Written by afterdinnersneeze

28 May 2014 at 9:30pm

korean roast chicken

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t says: My cooking method of choice for some time has been braising – it’s just so much fun! The one meat that I’m just not 100%-pro-braise for is chicken – and I’m pretty sure that it’s because of a single problem: soggy skin. I mean who likes soggy skin?! No one! Chicken skin is supposed to be crisp and delicious! And between Rotisseur and FedNuts, there’s a lot of good skin out there! I was determined to put together a recipe that offered great skin, reasonably-tender-meat, and minimal time commitment (braises take way too long). So, with the help of Molly Stevens’s “All About Roasting”, I went back to basics: roasting skin-on chicken thighs.

garlic, gouchichang, lemons, roasted sesame seeds, salt, pepper, rosemary, orange liqueur, chicken


the rub

the rub

Step 1: The rub. The above is a concoction of a heaping teaspoon of gouchichang, a heaping teaspoon of roasted sesame seeds, a half teaspoon of sesame oil (you can use whatever oil you want – I like the sesame flavor), 4 cloves of minced fresh garlic (yes, it’s a LOT of garlic), a dash of black pepper, and then enough lemon juice to make it spreadable (~0.5 lemon). So basically, it’s made of everything awesome, mashed together (and yes, it needs to be mashed to release some of the garlic essences). And, because I added gouchichang and sesame seeds, I can now call this “korean roast chicken”.  Afterwards, coat the entirety of each chicken piece with the rub – and make sure you get a good amount between the skin and chicken.  Let the chicken temper at least a half hour.

the pan

getting fancy in the pan

Step 2: The pan. Here’s where we make it fancy. Place a slice of lemon wherever you plan on placing a chicken thigh. Top it with a sprig of rosemary. Add a half teaspoon of orange liqueur to each slice (we tend to have GranGala on hand, but whatever).  You don’t want to put in more orange liqueur than can be contained a single lemon slice, as the excess will leak away from the lemon, and then burn and smoke when heated in the oven (trust me – I made this mistake already).


the assembly

Step 3: The Assembly. Place each piece of chicken on top of each slice of lemon. Basically, each piece of chicken is on its own lemon pedestal. It’s weird, but I feel that these slices of lemon really add some zing! Season with salt and pepper.  Snake some remaining sprigs of rosemary between the chicken – if nothing else, the pan will look more festive, and your house will smell like rosemary, so what do you have to lose?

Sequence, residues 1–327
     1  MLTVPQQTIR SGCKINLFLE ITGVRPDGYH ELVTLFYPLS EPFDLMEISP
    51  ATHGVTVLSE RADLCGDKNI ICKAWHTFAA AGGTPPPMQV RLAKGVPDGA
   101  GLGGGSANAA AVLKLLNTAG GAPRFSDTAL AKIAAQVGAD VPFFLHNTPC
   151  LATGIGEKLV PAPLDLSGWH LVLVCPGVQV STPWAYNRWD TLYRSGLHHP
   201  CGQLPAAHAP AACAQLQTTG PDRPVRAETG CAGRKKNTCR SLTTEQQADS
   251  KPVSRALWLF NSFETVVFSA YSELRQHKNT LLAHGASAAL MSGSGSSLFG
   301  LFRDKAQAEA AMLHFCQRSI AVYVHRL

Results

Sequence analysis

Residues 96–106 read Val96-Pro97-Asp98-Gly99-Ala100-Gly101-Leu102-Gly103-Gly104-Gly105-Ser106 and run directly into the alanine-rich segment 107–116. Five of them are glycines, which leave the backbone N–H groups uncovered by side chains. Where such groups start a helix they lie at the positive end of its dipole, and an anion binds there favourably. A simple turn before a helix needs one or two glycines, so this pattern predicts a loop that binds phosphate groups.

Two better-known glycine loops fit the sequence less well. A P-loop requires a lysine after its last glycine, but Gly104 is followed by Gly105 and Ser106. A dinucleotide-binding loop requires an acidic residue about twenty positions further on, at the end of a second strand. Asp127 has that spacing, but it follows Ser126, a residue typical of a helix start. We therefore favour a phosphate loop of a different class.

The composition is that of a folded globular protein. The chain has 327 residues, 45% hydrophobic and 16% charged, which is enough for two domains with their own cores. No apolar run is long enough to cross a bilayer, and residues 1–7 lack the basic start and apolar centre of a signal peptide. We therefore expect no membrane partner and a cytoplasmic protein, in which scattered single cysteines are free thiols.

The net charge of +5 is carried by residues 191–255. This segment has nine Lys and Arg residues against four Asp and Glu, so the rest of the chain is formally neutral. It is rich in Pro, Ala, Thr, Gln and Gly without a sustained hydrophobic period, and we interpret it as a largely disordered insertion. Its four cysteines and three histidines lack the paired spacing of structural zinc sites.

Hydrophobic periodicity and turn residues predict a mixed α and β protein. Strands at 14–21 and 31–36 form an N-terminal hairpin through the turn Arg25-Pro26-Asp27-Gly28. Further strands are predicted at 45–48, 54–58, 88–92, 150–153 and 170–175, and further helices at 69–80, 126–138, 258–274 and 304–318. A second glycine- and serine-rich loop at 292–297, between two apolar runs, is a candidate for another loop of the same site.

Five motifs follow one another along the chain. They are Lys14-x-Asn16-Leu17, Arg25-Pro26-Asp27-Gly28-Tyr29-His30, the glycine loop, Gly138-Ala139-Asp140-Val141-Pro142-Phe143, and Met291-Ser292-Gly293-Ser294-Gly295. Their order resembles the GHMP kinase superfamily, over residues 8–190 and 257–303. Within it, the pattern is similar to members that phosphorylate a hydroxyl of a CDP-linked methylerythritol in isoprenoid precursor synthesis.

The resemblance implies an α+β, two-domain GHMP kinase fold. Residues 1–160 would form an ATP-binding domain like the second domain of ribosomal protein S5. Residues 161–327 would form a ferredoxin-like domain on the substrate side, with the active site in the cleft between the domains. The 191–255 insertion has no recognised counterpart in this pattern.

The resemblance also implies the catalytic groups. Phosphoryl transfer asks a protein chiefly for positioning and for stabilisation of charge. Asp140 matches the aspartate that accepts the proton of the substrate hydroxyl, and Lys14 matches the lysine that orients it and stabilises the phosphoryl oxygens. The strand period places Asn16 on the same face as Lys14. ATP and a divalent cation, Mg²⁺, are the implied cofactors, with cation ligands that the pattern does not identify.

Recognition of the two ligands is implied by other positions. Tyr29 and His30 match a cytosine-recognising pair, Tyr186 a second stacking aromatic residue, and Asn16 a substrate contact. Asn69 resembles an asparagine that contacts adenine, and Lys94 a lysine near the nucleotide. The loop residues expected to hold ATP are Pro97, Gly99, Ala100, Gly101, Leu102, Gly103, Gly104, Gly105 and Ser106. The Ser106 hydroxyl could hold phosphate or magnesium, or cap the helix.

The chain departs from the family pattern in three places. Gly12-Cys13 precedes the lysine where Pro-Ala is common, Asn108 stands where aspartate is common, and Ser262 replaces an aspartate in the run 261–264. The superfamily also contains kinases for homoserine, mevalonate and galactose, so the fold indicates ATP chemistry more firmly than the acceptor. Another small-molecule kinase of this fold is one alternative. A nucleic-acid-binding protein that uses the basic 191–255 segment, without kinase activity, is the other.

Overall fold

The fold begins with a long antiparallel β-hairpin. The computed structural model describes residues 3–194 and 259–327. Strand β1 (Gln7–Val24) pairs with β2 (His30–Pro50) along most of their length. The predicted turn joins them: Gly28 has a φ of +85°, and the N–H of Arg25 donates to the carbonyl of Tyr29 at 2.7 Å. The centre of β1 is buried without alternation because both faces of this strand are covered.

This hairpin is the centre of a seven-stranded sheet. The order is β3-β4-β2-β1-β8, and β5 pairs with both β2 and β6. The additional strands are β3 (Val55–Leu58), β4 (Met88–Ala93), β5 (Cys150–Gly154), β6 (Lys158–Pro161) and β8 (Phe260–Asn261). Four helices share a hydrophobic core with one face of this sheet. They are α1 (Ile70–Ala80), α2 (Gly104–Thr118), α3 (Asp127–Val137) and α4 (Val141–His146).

Step 4: The Cookery. 450 degrees for 30-35 minutes (40 minutes was great, but I’m anticipating I could go shorter and it’d be juicier).

And that’s it! Based on how hot you like it, you could smother more of the sauce on the chicken before cooking.

Written by afterdinnersneeze

9 February 2013 at 5:54pm

Our Philly Diner en Blanc Primer

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t says:  Ah yes.  Diner en Blanc.  Pictures are everywhere.  We have some, too, but a lot of them have our mugs on ’em, so we’re not going to be able to show those off.  Instead, we’re going to treat this kind of like a “how g-&-t-&-a-&-v do Diner en Blanc”.  Hopefully this post will be helpful for our planning next year …

g and I easily sourced our table and chairs, but we had to decide what was going to go on the tabletop.  There were so many options of glasses and utensils that we needed to visualize it.  Fortunately, Dr. Moody (a gift from lc) was ready-willing-and-able to help out:

Dr. Moody lends a helping hand by modeling different dinnerwares …

Eventually, we did decide on our tabletop selections, and everything looked pretty darn spiffy:

our tabletop!

The ONLY regret we had was that our selections were damn-heavy.  The glasses: real glass.  The dishes: real porcelain (and there were two!).  The silverware: real metal.   That bottle our water was in: real glass.  g and I are not World’s-Strongest-Man material – we can say that by the time we got to the site, we were quite pooped.  And we can only imagine what a was going through, as his table was even heavier than ours!  Of course, part of why we were pooped was due to stupid-as-crap route they took us to go from 30th street to Logan Square, but that’s another rant …  (“To the Main Line!”)